In a similar way, I could give you a formula that generated the sequence 1, 2, 3, 6 or another formula that generated the sequence 1, 2, 3, 2015. As a result, if someone tells you that the first three terms of a sequence are 1, 2, 3, there’s no way to know what the “right” fourth term is.

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Well, I asked for it. Way over my head. But then, most math is. Beyond my fingers and toes gets risky.

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It’s all scifi to me but I reckon it’s a great invention. Wonder what will come up next to benefit mankind? Veeery interesting.

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All this stuff does seem to have mostly benefits, Yvonne. Such as someone figuring out how to scar the inner wall of a beating heart to control its beat. Isn’t that just amazing? But I often wonder whether all these advances are really good for us and the planet. It seems that the more advanced we become, at least those of us fortunate enough to live in lands that can put them to use, the farther removed we become from nature…both in reality and figuratively.

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Yes you’re fight about the good things that result from all the miraculous inventions. And also that we’re becoming more removed from nature- at least for some of mankind. I can not imagine life without all the wonderful and beautiful things the wild world has to offer.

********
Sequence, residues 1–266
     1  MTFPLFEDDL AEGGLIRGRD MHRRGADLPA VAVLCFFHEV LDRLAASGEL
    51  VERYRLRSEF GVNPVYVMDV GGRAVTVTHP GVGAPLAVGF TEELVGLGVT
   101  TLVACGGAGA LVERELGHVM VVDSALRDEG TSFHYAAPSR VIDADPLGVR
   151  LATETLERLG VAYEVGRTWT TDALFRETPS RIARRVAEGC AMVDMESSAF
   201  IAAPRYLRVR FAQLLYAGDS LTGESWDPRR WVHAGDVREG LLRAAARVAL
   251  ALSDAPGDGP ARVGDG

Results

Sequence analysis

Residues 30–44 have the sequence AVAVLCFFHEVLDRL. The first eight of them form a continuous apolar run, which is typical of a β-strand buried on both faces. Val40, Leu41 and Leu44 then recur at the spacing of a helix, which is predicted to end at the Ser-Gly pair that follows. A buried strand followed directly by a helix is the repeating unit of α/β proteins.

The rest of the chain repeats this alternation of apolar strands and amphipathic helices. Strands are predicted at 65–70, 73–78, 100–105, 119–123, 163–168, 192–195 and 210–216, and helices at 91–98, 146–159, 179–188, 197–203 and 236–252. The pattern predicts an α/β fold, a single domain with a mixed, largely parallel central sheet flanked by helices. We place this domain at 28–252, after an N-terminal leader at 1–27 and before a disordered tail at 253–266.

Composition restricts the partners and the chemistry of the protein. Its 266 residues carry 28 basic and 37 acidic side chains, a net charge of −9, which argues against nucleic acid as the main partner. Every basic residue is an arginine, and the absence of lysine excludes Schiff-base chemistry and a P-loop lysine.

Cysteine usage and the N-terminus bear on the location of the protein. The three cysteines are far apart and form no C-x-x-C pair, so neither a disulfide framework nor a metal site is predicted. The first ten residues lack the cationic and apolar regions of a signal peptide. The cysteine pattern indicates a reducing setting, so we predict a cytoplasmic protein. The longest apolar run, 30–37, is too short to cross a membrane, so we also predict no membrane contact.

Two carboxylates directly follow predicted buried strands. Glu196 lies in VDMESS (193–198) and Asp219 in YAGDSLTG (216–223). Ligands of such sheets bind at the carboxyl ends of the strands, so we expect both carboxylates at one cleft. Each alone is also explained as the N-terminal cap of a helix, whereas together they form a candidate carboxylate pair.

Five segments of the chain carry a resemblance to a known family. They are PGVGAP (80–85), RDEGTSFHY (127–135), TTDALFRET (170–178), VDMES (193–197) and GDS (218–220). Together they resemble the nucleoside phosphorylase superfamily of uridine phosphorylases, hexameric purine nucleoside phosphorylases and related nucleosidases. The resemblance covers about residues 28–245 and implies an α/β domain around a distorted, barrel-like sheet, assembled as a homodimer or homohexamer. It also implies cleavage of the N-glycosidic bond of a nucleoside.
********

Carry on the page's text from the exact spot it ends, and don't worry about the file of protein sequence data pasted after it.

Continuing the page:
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Fascinating…Watched the video and read your post. It was very interesting.

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The video was mesmerizing for sure.

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That’s a delicious combination you linked to, Fibonacci and 3D photography. At John Edmark’s site I clicked Para(llel) below his 3D pictures and after zooming out to make the stereo pairs small enough was able to free-view them and see the three dimensions.

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I went to his site, but I don’t see any 3-D pictures…just a link to images and no controls there. Where did you see that?

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I found his stereo sets here:

http://web.stanford.edu/~edmark/StereoPhotos/StereoPhotos.htm

After you click on any of the five links for sets of 3D pictures, the controls will appear right under the stereo images.

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As soon as I hit Post I figured it out. I thought about editing my comment, but if you are like me…and if you are you have my full sympathies…you read the reply in the email notification and edits don’t catch up. I changed the title slightly of my post this afternoon, but all the email notifications will only have “Frosty” instead of the full title.

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Steve, I read your comment up above (” A restaurant could sell 1 portion to 1 person for $23.58, with a preparation time of just 13 minutes and 21 seconds.) and “got it” immediately. Very clever way to present it!

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It’s great that the spirit of Fibonacci came upon you and opened your eyes.

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When I first looked at the image, I thought it was another view of your Coral Slime (Ceratiomyxa fruticulosa). It’s amazing how they resemble each other.

I’ve been fascinated by the Fibonacci numbers since I first learned about them. There’s a good bit here I don’t understand, but I just keep trucking along. Every time I read something about them, I learn a little more.

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You are a few jumps ahead of me, Linda. Even after Steve’s example I still don’t understand. I may need Fibonacci for Dummies.